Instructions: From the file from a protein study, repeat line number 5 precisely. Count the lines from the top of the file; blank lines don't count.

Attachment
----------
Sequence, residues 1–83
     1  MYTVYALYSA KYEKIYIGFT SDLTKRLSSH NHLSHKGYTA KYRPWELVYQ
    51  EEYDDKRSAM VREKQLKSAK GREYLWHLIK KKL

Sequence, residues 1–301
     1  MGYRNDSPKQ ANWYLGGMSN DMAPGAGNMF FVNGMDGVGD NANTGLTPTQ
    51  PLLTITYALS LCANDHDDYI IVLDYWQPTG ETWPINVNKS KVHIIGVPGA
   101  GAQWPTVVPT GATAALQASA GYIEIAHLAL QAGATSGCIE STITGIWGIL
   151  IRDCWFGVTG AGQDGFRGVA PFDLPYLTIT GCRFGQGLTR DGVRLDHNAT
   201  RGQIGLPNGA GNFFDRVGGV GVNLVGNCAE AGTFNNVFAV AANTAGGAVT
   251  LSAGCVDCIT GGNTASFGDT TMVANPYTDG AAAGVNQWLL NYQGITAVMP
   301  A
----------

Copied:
     1  MGYRNDSPKQ ANWYLGGMSN DMAPGAGNMF FVNGMDGVGD NANTGLTPTQ